Welcome back to my blog and to part 2 of piecing techniques. If you missed part 1, find it here. This week I am going to cover the stitch & flip corners technique. If you make flying geese units using a rectangle and two squares, you are making them using the stitch & flip method. This blog post shows how to make flying geese this way. But the stitch & flip technique is also used to make interesting block designs too! We’ll talk about this technique and how measuring units as you make them is important for accurate sized units and blocks. Lets get started!
Stitch & Flip
This technique is sometimes referred to in patterns as “folded corners” or “sew & flip” instead of “stitch & flip”, but they all describe the same thing. Here is a step by step demonstration using a big square and a smaller square:
The first step is to draw a diagonal line on the wrong side of the smaller square. Then, lay the smaller square face down on the larger square as shown. It’s important to pin the smaller square in place so it does not shift while stitching.
As you can see in the middle photo above, the small square edges need to match up with the edges of the larger square. Next, sew carefully along the drawn line. When done, finger press the small square open as shown.
Once you finger press the square open, it’s time to measure for accuracy. Measure the unit to make sure it still measures the size of the larger square. For example, if the large black square measures 2 1/2″ when you start, you want this unit to still measure 2 1/2″ after stitching on the small square.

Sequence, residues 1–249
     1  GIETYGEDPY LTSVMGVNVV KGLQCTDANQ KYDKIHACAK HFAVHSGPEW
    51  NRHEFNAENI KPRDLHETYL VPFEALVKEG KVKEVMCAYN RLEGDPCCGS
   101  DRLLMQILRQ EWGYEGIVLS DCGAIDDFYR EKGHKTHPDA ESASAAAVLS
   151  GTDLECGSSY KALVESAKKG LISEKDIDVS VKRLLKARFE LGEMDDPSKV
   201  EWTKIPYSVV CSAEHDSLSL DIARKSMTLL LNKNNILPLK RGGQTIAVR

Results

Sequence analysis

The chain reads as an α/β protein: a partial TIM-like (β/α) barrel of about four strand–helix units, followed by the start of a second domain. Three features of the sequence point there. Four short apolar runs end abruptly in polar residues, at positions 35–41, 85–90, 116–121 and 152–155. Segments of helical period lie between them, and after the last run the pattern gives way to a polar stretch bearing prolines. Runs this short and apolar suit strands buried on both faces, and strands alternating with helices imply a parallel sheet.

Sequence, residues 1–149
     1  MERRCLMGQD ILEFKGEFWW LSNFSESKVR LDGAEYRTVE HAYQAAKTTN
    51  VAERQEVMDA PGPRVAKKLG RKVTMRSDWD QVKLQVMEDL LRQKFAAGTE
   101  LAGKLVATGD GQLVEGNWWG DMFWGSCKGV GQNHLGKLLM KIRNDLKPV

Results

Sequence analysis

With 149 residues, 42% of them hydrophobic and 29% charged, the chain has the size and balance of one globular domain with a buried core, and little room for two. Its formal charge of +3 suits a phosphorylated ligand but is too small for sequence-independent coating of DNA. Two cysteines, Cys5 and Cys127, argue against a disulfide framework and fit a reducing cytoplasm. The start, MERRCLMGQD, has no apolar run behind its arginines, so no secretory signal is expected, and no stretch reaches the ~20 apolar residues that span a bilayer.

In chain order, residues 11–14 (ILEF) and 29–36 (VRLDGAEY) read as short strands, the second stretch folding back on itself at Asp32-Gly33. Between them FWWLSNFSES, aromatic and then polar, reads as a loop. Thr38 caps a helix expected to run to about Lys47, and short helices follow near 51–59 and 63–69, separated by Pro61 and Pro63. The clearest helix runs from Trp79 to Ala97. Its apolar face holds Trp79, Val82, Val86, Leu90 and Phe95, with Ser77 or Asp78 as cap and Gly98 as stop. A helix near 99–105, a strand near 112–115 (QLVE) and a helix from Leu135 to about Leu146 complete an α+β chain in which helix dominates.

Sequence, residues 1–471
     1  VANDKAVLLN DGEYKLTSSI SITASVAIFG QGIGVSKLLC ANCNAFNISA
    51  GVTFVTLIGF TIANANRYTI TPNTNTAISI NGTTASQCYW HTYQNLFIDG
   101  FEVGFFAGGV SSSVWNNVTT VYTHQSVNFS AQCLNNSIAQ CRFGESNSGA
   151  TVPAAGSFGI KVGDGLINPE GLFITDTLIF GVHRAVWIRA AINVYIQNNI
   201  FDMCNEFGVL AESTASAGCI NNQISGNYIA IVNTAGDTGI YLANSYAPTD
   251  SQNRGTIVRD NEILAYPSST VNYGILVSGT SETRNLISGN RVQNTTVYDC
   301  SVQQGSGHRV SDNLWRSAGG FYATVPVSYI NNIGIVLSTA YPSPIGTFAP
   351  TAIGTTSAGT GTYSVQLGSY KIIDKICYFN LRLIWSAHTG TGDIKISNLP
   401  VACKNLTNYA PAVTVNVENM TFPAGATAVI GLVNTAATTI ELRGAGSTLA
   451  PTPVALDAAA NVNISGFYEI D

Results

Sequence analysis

Once you have determined it measures correctly, you can now cut off the excess fabric in the seam allowance and press the unit open.
By waiting to trim the excess until after you measure the unit, you avoid wasting fabric if you end up with a unit that doesn’t measure correctly.
Some Blocks Using this Technique
So here are some blocks that are made using this technique. Here’s one that I used in a quilt a few years ago:
This block above is made by doing stitch & flip corners starting with the center square and then after each set of strips are added to the sides of the block.
Another block that is created using the stitch & flip method is the well known Snowball block.
This block is often used as a setting block between other blocks to create a secondary design such in this quilt drawing below:
Notice how the Snowball blocks create a crisscross effect around the star blocks. Another way I have used stitch & flip is on the corners of a pieced or appliqué block. This also serves to make a secondary design when the blocks are joined for a quilt. Here’s a block from a quilt I made.
As you can see, I added stitch & flip corners to my appliqué block. Now here are 12 of those blocks combined with some pieced blocks in my quilt, High Prairie Blooms:
Notice the cool secondary design created by those stitch & flip corners on the appliqué blocks and the corners created by the Churn Dash Star blocks.
Here is another block from one of my quilts:
Look at all those stitch & flip corners! Here’s what 100 of these blocks look like in my quilt, Crisscross Cabin Blooms:
They create a really cool crisscross design.
Finally here is the block from by quilt, Open Windows. When they are joined to make the quilt top, the stitch & flip corners combined with corner stone sashing makes a shoo fly design! Notice how I only did the technique on two opposite corners. This makes the secondary shoo fly design really stand out.
So there you go! That’s my tips on the stitch & flip technique. Remember, the key to success in making these blocks or units is measuring them as you go to make sure there is no size distortion when you are done.
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